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Why Babies Won’t Sleep in Their Crib and How to Change It

by Vannessa Rhoades 23 Feb 2023
Why Babies Won’t Sleep in Their Crib and How to Change It


Babies spend a lot of time sleeping…but that doesn’t necessarily mean they spend a lot of time in their cribs. They’ll nod off in the car, on a stroller ride, while you’re holding or feeding them. Babies will get their ZZZs just about anywhere except in the very spot you’ve designated for this purpose. Why won’t some babies just sleep in their cribs?

Making sure your baby always sleeps in their crib is essential since, according to the American Academy of Pediatrics (AAP) safe sleeping guidelines, it's the safest (and best) place for your baby to sleep. Plus, setting healthy sleep habits now will help your baby sleep better as they grow. It’s more difficult to alter those sleeping habits after an infant passes the 6-month-old mark. A 2018 study published in Sleep Medicine found that babies sleep less and wake more frequently when they're not in their crib, so it makes sense to take action as early as possible. Here are some tips for how to get your baby to sleep in their crib.

Why Babies Won’t Sleep in Their Cribs  

Think about it: newborns spend the first nine months of existence nestled in the comfort and safety of the womb. They’re enveloped in soothing white noise, never hungry, and constantly lulled to sleep by the rocking of mom’s movement. After they’re born, they’re thrust suddenly into a world where they’re expected to sleep all alone in a wide-open crib. That’s a pretty tall order for one so tiny.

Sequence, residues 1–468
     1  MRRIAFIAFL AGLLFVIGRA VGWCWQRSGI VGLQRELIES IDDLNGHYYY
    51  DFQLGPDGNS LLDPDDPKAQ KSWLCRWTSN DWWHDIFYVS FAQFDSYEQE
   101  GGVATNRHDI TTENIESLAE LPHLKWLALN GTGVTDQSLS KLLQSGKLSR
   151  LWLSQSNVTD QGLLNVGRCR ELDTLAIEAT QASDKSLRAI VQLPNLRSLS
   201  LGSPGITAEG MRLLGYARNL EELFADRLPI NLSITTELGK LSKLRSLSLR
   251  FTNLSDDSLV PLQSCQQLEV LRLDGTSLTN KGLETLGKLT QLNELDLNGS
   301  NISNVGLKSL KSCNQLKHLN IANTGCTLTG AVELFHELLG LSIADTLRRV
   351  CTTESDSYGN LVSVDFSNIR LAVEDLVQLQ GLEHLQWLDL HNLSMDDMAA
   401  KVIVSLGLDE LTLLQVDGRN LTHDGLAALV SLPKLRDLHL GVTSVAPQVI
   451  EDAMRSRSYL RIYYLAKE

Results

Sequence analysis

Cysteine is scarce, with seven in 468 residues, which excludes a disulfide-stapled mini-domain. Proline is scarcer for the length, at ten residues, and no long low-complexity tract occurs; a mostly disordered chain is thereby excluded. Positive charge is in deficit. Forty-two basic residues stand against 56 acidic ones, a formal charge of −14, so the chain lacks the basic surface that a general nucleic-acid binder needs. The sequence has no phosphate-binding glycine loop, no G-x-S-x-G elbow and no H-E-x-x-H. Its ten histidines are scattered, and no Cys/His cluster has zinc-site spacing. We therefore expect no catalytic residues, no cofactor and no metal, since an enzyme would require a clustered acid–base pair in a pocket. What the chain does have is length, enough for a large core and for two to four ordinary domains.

When it comes to older babies and toddlers, they simply like being near their caregivers. It’s reassuring and comforting. And since it’s impossible to reason with babies and toddlers, trying to convince them to sleep in their crib can be exasperating for adults. 

If you’ve had previous success with putting your infant in their crib to sleep and are suddenly hearing cries of objection, it could be a phase they’re going through. A few reasons it may be happening could include

  • discomfort from teething (gum soreness can start months before a tooth ever appears)
  • sleep regression, a normal reversal in a baby’s sleep patterns that may occur around 4 months, 6 months, between 8 and 10 months, and again at 12 months of age
  • an ear infection, rash, cold, or other illness
  • growth spurts and their accompanying increase in appetite, typically around the ages of 3 weeks, 6 weeks, and 3 months of age
  • distractions from new milestones, like sitting up and rolling over

The Stokke® Sleepi Crib/Bed is an evolving bed that grows with your child from 0 to approximately 3 years and with the additional Junior Extension Kit up to 10 years. It expands to accommodate the changing needs – and sizes – of the growing child while maintaining a comforting familiarity with its distinctive oval shape. 


Getting Your Newborn to Sleep in Their Crib 

For starters, ensure their crib set-up is safe. The  American Academy of Pediatrics recommends setting up the crib in your room at least for the first 6 months, preferably through the first year. Always place babies on their backs on a firm surface with no loose items (blankets, pillows, toys, crib bumpers). You should also evaluate other elements about your little one’s sleeping environment:

  • Keep the room cool since overheating is a risk factor for SIDS (Sudden Infant Death Syndrome). A fan may be helpful and provide additional white noise.
  • Keep the room dark. Nightlights can help keep things subdued during middle-of-the-night diaper changes or feedings. A sturdy set of blackout curtains may help with naps.